Mathematical Puzzles

Dual Cryptograms

Anagrams Cryptograms Doublets
Logic Puzzles Magic Word Squares Sudoku
Chess Fractal Puzzles Tangrams




Intellectual Puzzles
List of Puzzles
Analytical Puzzles
Christmas Puzzles
New Year's Puzzles
Fractal Puzzles
Easter Puzzles
Nature Fractals
Encrypted Quotations
Fractal Images
Baseball Puzzles
Daily Fractal Puzzle
Math Recreations
Algebra Placement
Cryptogram Challenge
Tangram Stories
Puzzle Categories
Thanksgiving Quotes
Christmas Quotes
Christmas Logic
New Year Resolutions
Advertise With Us

Chess Tutorial

An introduction to basic chess rules and how to play chess made simple.

The Original Position

The chessboard is a checker board of 64 squares arranged in eight rows and eight columns.  Each row is called a rank.  Each column is called a file.  The board is set up in such a manner that a white square is at the lower right hand corner of the chess board.

The diagram below shows the initial position of the pieces on the board.  Pieces are placed on the first two rows nearest each player.  Pieces are placed on the first rank and the pawns are placed on the second rank.  Notice that the original position of the white queen is a white square and that of the black queen is a black square.  The original positions of the two sides are mirror images of each another.

Rules of the Game

The object of the game is to "checkmate" the opponent's king.  A king is under "check" when it is about to be captured by an opposing piece.  When a player places the opposing king in check he should announce, "check".  A checkmate occurs when a king is under "check", and could not make any other legal moves to get it out of check.  Victory is achieved by checkmating the opponent's king.

Either player may at any time terminate the game early by resigning, giving victory to his opponent.  This generally happens when a player loses a major piece and it is apparent that he is going to lose the game.

A game may also end with a "draw" or a "tie".  Stalemate is considered a "draw". A stalemate occurs only when a player has no legal move, or when a player's only move is to place his own king in check, but it's current square is not in check.

The two players may agree to a draw any time during the game, especially when they felt that no side can become victorious with any further moves.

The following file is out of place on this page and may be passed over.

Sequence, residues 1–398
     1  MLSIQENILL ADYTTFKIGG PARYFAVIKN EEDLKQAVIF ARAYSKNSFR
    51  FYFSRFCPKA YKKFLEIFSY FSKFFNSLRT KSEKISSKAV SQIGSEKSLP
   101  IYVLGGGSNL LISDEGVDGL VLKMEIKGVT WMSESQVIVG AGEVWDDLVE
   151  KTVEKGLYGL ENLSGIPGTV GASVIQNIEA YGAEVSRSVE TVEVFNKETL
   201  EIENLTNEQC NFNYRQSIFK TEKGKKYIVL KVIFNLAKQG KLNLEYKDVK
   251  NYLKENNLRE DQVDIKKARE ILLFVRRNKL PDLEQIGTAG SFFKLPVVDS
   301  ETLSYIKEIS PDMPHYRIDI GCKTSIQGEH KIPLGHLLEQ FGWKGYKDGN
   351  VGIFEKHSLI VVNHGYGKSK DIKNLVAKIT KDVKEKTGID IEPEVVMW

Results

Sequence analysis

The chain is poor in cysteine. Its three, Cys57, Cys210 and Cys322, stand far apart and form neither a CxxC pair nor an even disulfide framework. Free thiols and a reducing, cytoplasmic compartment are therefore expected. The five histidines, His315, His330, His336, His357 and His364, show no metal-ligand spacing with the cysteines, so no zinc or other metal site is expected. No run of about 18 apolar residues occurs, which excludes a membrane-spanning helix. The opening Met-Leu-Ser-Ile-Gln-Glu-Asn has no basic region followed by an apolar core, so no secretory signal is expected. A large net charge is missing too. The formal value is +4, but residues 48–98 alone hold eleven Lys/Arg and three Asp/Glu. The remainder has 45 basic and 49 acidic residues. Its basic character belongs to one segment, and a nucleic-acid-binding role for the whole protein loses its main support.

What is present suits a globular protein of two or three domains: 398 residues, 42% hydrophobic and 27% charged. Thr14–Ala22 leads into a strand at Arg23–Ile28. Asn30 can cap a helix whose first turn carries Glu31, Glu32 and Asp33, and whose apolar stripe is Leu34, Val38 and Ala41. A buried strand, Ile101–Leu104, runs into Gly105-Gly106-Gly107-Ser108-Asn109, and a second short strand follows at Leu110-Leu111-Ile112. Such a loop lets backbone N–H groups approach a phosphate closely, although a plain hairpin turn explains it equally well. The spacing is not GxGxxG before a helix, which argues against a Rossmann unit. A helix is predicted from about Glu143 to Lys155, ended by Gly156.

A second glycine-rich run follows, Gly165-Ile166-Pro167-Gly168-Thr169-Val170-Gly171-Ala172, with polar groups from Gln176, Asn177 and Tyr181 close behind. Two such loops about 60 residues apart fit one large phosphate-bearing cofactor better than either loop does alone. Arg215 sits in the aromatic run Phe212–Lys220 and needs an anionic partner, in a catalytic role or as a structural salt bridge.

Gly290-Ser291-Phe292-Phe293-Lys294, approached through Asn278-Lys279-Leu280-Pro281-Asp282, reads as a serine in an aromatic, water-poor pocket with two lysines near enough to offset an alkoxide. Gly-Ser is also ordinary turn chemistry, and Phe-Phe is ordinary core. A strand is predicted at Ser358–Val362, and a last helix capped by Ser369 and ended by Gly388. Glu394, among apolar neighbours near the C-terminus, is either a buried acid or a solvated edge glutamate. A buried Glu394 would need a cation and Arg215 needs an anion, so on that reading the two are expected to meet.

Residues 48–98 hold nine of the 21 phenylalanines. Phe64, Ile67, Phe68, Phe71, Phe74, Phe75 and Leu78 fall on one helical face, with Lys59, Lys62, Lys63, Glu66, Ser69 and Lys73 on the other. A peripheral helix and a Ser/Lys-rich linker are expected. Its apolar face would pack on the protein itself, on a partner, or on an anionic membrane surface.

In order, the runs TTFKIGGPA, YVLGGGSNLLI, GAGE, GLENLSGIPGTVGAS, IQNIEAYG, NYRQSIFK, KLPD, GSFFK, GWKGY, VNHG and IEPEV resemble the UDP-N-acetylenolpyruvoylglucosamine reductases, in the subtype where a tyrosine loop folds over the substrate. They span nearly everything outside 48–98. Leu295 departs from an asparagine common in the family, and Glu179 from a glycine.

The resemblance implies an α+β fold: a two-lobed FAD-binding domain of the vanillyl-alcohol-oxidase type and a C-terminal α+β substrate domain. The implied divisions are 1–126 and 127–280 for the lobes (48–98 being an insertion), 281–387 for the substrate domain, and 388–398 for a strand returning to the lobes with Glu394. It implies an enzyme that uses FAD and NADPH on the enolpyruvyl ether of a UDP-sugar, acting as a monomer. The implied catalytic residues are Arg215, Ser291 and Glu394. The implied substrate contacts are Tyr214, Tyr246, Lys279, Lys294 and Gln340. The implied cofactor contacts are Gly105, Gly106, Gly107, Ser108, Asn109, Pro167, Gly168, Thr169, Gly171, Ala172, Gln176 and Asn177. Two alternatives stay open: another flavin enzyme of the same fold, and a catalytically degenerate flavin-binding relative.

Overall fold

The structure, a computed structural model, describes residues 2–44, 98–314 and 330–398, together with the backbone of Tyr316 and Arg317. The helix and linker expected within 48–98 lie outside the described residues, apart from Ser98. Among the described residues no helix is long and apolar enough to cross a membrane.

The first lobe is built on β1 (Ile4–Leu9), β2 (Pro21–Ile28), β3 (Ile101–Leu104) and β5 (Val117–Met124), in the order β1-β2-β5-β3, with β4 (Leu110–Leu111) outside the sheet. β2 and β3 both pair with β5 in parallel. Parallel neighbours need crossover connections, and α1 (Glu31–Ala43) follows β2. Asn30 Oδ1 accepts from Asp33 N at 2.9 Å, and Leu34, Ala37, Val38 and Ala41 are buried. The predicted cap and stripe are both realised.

Each player originally has eight pawns.  Pawns are originally placed on the second rank.  Although the pawns are the least powerful piece in the game, they have the potential to become very powerful at the end game.

Pawns can only move straight ahead unless they are capturing another piece.  They cannot move backward or sideways.  Generally pawns move only one square forward at a time, except that when it is in its original position at the second rank.  In its original position, it may either move forward one square or two squares as long as there are no obstructing pieces.  A pawn does not capture a piece directly in front of him but it can capture a piece one square diagonally ahead of it.  In the diagram below the squares marked black "X" show where the pawn may move.  The squared marked by the red "X" show where the pawn may capture a piece.  When capturing, the pawn replaces the captured piece and the captured piece is removed from play.

A pawn may also capture en passant.  This is a special pawn move.  En Passant is probably the most unknown and least used moves in chess.  It can only occur when a player exercises his option to move his pawn two squares on its initial movement.  When this happens, the opposing player has the option to capture the moved pawn "en passant" as if it had only moved one square. This option, though, is only allowable on the immediate next move.  In the example diagram below, the white pawn has just moved forward two squares.  The black pawn, may now move to the square with the red X and capture the white pawn that has just moved two squares forward.
A pawn gets promoted if it reaches the edge of the board on the opponent's side.   The pawn may now become any piece that the moving player desires other than a king or a pawn.  Queen is the most common choice because it is the most powerful piece.   A player may have more than one queen on the board.


The knight's movement can also be viewed as an "L".  The knight can be thought of as moving two square horizontally or vertically, followed by a movement to a square in a perpendicular direction.  In the diagram below, the knight can move to any squares marked by the red X.  Note that the knight always move to a square that is opposite in color as the square it is currently at.

The knight is the only piece on the board that may jump over other pieces, rendering it a great degree of maneuverability.  A knight is worth 3 pawns.

Continue Next Page

Chess Main Page

Chess Corner

7-in-1 Game Set

Glass Chess Set

cover  cover


Custom Search

MX iTunes, App Store, iBookstore, and Mac App Store


Hosted By Web Hosting by PowWeb

2000-2013 Logicville